Billionaire businessman Aliko Dangote has encouraged African countries to be deliberate in liberalising integration and allow for easy entry and exit of Africans.
The Dangote Group CEO, who spoke on Sunday at the 30th Afreximbank Annual Meetings held in Accra, Ghana, stated that if the continent was committed to boosting inter- and intra-African trade and investment opportunities, they should support visa on arrival.
“I think what, maybe, African countries need to do is that, why don’t you give Africans visas on arrival that will facilitate trade?” he suggested, sharing a scenario where one has to get a visa to get into “country A” as an African.
Recounting a personal experience, the industrialist decried a situation where “we go with a British guy or maybe a Nigerian holding a British passport (and) he is allowed in”.
He added, “We were arguing, debating about my visa and I am the one with the money. If you are making life difficult for me, there is no way I will go and invest.”
Also speaking at the event, the Chairman of the Afreximbank Annual Meetings, Mohamed Maait, noted that the continent could harness its trade and investment portfolio in order to grow its economy.
“If you look at the treaty documents that established the Organisation of African Unity, they clearly set out an objective and that objective is that we must have economic integration in Africa and that we must introduce tools to advance that objective of economic integration in Africa,” he stated.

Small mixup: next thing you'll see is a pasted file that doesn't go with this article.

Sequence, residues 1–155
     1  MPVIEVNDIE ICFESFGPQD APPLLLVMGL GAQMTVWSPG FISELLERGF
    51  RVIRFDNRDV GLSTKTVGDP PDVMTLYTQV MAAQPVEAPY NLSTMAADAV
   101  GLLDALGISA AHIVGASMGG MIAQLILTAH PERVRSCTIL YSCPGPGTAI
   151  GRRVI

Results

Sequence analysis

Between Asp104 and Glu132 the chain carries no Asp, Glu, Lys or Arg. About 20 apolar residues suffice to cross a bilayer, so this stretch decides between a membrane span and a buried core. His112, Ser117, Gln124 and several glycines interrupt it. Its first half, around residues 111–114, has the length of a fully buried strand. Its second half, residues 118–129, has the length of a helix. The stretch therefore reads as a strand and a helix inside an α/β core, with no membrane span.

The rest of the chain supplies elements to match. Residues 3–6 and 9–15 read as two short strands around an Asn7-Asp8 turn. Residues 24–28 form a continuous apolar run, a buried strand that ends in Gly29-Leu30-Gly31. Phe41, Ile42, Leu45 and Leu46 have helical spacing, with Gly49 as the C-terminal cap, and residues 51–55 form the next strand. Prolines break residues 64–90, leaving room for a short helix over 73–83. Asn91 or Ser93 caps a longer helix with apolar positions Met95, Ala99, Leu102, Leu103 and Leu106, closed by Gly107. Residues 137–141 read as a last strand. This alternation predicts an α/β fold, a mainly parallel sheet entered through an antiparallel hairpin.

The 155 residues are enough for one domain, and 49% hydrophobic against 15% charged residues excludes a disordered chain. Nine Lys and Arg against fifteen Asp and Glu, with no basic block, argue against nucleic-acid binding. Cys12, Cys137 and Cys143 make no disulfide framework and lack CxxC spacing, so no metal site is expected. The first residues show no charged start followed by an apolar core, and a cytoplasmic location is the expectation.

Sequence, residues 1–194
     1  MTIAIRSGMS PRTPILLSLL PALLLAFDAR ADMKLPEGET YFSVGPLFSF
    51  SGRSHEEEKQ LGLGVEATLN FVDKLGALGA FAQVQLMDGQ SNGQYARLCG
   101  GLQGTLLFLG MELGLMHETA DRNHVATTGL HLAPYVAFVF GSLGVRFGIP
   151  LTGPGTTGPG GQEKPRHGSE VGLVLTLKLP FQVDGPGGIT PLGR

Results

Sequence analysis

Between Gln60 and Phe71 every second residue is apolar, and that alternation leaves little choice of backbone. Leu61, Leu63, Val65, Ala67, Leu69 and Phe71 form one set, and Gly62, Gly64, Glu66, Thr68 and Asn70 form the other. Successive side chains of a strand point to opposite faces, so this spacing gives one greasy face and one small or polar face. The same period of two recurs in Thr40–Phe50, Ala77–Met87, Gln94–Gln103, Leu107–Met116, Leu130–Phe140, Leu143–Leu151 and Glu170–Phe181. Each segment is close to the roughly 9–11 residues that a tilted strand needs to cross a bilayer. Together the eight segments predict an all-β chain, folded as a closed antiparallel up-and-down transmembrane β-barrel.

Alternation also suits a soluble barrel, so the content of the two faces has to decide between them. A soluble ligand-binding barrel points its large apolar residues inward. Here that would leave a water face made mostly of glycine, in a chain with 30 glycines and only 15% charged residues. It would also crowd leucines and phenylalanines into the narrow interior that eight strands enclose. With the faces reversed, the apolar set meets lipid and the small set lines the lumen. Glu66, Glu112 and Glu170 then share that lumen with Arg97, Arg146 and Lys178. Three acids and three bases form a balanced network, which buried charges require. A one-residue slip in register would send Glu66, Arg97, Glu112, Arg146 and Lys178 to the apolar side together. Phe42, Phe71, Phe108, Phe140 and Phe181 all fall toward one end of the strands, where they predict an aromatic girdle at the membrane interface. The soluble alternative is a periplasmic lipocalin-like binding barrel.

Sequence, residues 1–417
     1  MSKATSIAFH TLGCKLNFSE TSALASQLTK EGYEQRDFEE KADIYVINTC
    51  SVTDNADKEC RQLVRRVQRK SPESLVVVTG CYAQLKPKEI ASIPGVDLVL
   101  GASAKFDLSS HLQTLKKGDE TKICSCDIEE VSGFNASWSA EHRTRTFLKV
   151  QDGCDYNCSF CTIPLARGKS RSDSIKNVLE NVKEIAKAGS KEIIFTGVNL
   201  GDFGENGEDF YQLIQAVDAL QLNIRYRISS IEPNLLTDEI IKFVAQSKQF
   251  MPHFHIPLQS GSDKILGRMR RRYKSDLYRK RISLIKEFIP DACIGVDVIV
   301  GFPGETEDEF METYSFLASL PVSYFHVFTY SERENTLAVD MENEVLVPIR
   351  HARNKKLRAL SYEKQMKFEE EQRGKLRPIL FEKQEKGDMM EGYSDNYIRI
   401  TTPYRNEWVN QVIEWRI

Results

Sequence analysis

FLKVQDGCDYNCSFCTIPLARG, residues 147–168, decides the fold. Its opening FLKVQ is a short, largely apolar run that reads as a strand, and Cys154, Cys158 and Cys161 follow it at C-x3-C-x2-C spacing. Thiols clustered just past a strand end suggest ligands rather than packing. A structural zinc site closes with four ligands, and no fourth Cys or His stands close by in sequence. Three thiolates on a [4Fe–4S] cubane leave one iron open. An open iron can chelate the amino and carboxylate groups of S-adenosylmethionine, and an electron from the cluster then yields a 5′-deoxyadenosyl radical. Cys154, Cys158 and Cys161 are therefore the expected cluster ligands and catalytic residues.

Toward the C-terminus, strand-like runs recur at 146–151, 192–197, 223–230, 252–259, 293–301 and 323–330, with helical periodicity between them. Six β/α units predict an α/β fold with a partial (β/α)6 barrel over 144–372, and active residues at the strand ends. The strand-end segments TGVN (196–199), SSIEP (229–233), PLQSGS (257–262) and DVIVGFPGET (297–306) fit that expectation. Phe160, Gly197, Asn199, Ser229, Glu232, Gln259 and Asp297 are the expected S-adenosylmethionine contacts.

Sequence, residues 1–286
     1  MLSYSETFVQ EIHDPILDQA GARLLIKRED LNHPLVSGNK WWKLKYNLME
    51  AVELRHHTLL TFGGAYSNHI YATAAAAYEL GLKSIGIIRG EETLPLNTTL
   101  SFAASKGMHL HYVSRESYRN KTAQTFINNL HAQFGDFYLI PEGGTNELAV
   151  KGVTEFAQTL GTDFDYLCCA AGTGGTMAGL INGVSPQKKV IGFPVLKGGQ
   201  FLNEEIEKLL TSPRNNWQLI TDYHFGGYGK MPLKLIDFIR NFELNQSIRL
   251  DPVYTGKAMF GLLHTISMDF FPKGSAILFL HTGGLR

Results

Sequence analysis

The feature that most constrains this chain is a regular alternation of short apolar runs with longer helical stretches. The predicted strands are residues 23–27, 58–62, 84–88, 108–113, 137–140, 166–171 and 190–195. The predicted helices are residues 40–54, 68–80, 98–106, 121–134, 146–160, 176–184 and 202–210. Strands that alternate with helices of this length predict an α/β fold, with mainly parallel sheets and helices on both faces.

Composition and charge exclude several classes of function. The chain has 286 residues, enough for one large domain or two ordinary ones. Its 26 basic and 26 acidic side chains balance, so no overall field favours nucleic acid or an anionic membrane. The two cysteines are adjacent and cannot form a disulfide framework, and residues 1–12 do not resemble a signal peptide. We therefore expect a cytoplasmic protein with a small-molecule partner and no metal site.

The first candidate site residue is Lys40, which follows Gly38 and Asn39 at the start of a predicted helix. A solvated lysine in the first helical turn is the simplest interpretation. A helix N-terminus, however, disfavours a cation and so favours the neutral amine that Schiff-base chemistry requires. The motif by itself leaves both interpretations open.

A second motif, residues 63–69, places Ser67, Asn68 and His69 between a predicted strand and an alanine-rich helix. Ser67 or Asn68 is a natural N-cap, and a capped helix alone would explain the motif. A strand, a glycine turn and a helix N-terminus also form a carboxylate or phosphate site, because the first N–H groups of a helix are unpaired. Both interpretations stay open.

The continent’s top business minds, government functionaries and policymakers, as well as past and present leaders were present in Accra to grace the occasion.
Also present at the event were former President Olusegun Obasanjo, Nobel laureate Wole Soyinka, and former industry, trade and investment minister Niyi Adebayo.
Over the years, Africa has continued to deal with several challenges: the COVID-19 pandemic, the Russia-Ukraine crisis, rising debt profile, and the impact of insecurity on the continent.
It therefore became imperative for African countries to find an avenue out of this state that threatens to keep the continent prostrated, despite its huge resources and investments potential.